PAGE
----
Apple iPad mini 3 unboxing and first impressions Video.


Along with Apple’s iPad Air 2, the iPad mini 3 also hit store shelves during a silent weekday release. If you don’t currently own an iPad mini, it’s probably a better time than ever to pick one up, but I wouldn’t really recommend getting Apple’s latest and greatest. Let me tell you why…

Inside of the iPad mini 3, you’ll find a dual-core Apple A7 chip clocked at 1.3GHz, 1GB of RAM, a quad-core PowerVR G6430 GPU, and a 6,470 mAh battery. The iPad mini’s Retina display is 7.9-inches with a resolution of 1,536 x 2,048 (324 ppi). On the back side you’ll find a 5-megapixel shooter, while the front side is home to the 1.2-megapixel FaceTime camera. If any of these specifications sound familiar, it’s because they were also inside of the iPad mini 2.

Apple’s iPad mini 3 is nearly identical to its predecessor. In fact, the only difference between the iPad mini 2 and 3 is the addition of Touch ID and a gold color option. Aside from that, you won’t find any new and exciting hardware. Is this a disappointment? If the iPad lover within you needs to have a gold mini with Touch ID, that’s totally fine, but in my opinion you’re better off purchasing the iPad mini 2 as it’s available for $100 less.

Check out our iPad mini 3 unboxing and first impressions video below:

Keep in mind, the base iPad mini models only come in 16GB configurations. If you’re planning on loading it up with apps and other media, you might want to opt for a 64GB mini 3 at $499 or get a 32GB iPad mini 2 for $349. Apple’s iPad mini 2 is now the only place you’ll find a 32GB configuration for the mini lineup and it might be the best deal if you don’t care about Touch ID.

I’m not sure that the iPad mini 3is  worth upgrading to over the second generation. Here’s my advice: If you’re in the market for a new Apple tablet, save $100 and buy a 16GB iPad mini 2 for $299 or get the 32GB model for $50 more.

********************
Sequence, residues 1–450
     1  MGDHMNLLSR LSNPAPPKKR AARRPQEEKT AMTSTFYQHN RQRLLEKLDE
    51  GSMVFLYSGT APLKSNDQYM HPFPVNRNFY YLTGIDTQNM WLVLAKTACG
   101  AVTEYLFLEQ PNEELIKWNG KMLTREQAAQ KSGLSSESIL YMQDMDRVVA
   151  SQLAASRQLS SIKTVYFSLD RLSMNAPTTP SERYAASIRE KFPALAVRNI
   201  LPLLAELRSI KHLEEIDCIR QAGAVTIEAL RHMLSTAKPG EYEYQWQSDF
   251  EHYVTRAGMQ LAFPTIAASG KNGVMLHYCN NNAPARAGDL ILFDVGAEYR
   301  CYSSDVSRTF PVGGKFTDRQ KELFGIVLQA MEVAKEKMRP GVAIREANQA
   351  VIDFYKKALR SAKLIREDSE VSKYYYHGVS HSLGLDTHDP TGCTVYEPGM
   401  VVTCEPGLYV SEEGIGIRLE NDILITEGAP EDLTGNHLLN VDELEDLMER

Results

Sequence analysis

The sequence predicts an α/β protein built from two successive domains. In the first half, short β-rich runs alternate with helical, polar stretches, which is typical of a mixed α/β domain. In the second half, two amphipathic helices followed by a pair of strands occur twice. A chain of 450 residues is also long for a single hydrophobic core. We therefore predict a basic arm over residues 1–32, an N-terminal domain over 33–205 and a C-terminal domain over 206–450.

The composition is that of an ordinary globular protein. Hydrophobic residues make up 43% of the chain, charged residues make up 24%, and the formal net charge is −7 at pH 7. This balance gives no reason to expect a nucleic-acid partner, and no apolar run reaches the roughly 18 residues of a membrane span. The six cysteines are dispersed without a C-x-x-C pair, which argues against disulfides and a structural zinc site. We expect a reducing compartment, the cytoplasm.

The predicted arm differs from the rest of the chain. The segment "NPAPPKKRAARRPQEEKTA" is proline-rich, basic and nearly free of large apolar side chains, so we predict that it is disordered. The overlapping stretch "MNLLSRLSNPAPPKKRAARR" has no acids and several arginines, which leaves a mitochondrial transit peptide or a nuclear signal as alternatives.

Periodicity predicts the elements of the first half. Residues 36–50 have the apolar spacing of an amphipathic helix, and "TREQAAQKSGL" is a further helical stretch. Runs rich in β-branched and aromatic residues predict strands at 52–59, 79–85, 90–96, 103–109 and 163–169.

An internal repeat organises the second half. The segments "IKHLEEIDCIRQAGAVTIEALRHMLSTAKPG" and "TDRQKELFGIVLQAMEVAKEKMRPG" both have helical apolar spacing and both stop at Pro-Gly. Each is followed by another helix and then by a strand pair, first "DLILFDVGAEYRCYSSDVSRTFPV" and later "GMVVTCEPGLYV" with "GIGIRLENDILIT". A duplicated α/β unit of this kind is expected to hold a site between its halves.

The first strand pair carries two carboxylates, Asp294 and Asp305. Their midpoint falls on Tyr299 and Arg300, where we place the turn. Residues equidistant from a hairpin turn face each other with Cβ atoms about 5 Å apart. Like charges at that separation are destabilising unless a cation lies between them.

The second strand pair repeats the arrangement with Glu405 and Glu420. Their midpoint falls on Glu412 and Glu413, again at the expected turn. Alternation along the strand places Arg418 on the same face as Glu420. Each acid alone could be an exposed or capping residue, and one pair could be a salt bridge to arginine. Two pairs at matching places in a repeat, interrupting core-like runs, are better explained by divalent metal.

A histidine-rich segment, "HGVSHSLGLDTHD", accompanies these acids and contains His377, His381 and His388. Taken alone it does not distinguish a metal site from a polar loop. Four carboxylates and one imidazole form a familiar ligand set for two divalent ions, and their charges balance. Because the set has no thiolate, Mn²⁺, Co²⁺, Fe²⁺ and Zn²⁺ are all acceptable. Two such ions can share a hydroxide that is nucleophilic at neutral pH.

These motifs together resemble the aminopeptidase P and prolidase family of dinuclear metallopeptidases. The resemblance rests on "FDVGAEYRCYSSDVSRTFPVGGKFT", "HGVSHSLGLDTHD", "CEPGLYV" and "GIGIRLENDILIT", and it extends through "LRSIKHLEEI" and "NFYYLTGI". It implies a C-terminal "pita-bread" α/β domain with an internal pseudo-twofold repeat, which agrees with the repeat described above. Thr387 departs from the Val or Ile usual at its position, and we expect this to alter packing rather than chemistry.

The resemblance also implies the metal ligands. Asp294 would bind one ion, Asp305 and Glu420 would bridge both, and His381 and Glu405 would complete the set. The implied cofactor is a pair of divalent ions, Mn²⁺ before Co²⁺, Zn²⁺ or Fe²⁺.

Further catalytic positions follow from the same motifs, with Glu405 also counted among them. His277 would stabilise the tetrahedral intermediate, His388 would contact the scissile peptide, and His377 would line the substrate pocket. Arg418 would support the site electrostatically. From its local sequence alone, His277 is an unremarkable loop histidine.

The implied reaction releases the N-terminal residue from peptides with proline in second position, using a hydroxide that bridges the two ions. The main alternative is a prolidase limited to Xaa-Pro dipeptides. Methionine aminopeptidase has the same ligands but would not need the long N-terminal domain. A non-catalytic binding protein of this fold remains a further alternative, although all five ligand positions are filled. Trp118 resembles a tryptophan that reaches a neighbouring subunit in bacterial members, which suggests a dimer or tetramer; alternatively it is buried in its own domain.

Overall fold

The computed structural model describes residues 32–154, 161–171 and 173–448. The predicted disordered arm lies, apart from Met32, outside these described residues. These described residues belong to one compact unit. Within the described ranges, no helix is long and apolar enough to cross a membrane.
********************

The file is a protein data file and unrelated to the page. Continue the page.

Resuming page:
The iPad mini finally gets its own MFi game controller.


Wikipad, the company behind the Android gaming tablet of the same name, is tossing its Android exclusivity out the window with the announcement of a new iPad mini game controller accessory. The Wikipad 7, which debuted roughly a year ago, features a slide-on controller peripheral that many consider to be a healthy step up from most touchscreen control options, and now the company is bringing a similar product to iPad mini owners.

Most iOS gamers — or mobile gamers in general — are probably not super familiar with Wikipad, as the company’s Android tablet never really gained much traction. It suffered a long-delayed launch, multiple redesigns and changes that may have attributed to a general feeling of confusion surrounding what the device was capable of.

With its iPad mini product, the company should hopefully be able to avoid those potholes as Apple has already taken care of the pesky “creating a great tablet” thing. The accessory, which doesn’t have a price or release date yet, features a full compliment of face buttons, a d-pad, and two analog sticks, all of which are pretty standard at this point.

According to Slide To Play, the current pre-release models consist of two halves connected by a flexible band that stretches behind the tablet itself, though with Wikipad’s habit of redesigning its products after announcing them, that could change.

Surprise! This year’s iPads all likely to have Touch ID.

Image courtesy of iFixit.

Image courtesy of iFixit.

When the iPhone 5s was announced as featuring Touch ID, you could have been forgiven for assuming that the iPad Air and iPad mini would naturally follow suit. Like original thinking from Samsung, however, it never quite materialized — and to this date Apple’s flagship iPhone is the only Apple device to incorporate the technology.

That may be set to change with the arrival of the next generation iPad Air and iPad mini, though.